No, that's not a typo. Nearly 100 companies are objecting to their elimination from this $50 billion governmentwide IT vehicle.
We knew more protests were coming for the small business portion of the CIO-SP4 IT solutions contract when we reported last week that 13 new protests had been filed and another 10 were waiting in the wings.
But we would never have guessed the number of protests would swell to 97. We have not seen this level protests since probably 2013, when the Homeland Security Department was trying to award the Eagle II IT services vehicle.
CIO-SP4 is a very different animal, in that the National Institutes of Health organization running that procurement is using a self-scoring mechanism to eliminate companies from the competition during phase one.
That score not reaching a certain threshold means elimination from the competition.
All of the protests have been from small businesses so far.
One round of 10 protests led the NIH IT Acquisition and Assessment Center to take a corrective action and rethink the point threshold for those companies.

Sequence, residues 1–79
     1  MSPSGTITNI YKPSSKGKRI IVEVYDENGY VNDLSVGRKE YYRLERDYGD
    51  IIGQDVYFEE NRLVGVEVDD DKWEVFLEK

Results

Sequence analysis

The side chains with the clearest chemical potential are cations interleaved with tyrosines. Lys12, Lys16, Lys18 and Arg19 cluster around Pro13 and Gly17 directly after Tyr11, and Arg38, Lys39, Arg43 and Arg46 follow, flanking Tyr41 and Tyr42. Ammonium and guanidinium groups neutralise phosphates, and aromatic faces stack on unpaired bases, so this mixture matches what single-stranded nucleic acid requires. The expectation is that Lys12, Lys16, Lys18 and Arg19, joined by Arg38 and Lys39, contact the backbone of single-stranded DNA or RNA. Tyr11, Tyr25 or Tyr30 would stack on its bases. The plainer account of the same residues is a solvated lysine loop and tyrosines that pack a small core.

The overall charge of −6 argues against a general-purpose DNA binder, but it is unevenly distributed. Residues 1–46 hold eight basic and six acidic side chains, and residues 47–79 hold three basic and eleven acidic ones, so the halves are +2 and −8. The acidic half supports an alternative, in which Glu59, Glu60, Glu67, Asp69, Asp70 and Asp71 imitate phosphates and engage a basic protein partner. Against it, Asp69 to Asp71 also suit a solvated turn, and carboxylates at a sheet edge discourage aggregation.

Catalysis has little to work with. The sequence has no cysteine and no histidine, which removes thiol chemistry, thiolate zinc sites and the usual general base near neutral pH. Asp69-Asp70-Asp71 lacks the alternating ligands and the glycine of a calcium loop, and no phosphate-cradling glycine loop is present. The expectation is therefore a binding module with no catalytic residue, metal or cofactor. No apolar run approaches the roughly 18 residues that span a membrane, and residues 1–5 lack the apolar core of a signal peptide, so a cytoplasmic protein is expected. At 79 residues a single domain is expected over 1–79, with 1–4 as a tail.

NITAAC apparently reset the threshold to another level, which let those companies back in but still left (so far) 97 others out in the cold.
The 97 companies filing this new round protests are arguing that NITAAC has set an arbitrary score as the threshold.
NITAAC has not responded to requests for comment, which is not surprising given that this is an active protest.
But if NITAAC takes another corrective action, where does that leave the situation? Will that mean a total reset of CIO-SP4, at least the small business portion? What would a reset mean for the companies who surpassed the self-scoring threshold?
Legal sources I have spoken with are withholding any predictions until they see what NITAAC says in a corrective action they all expect to happen.
NITAAC has 30 days to respond to the protests. If there is no corrective action, a Government Accountability Office ruling would be expected in mid-February.
I am following some of the discussion over CIO-SP4 on LinkedIn. Some believe NITAAC has made some grave errors, otherwise you wouldn’t see so many protests.
Others see sour grapes because the use of self-scoring was clear in the solicitation. They say the time to protest is long gone.
Time will tell which side is correct.
NEXT STORY: Interior unveils $1B cloud solicitation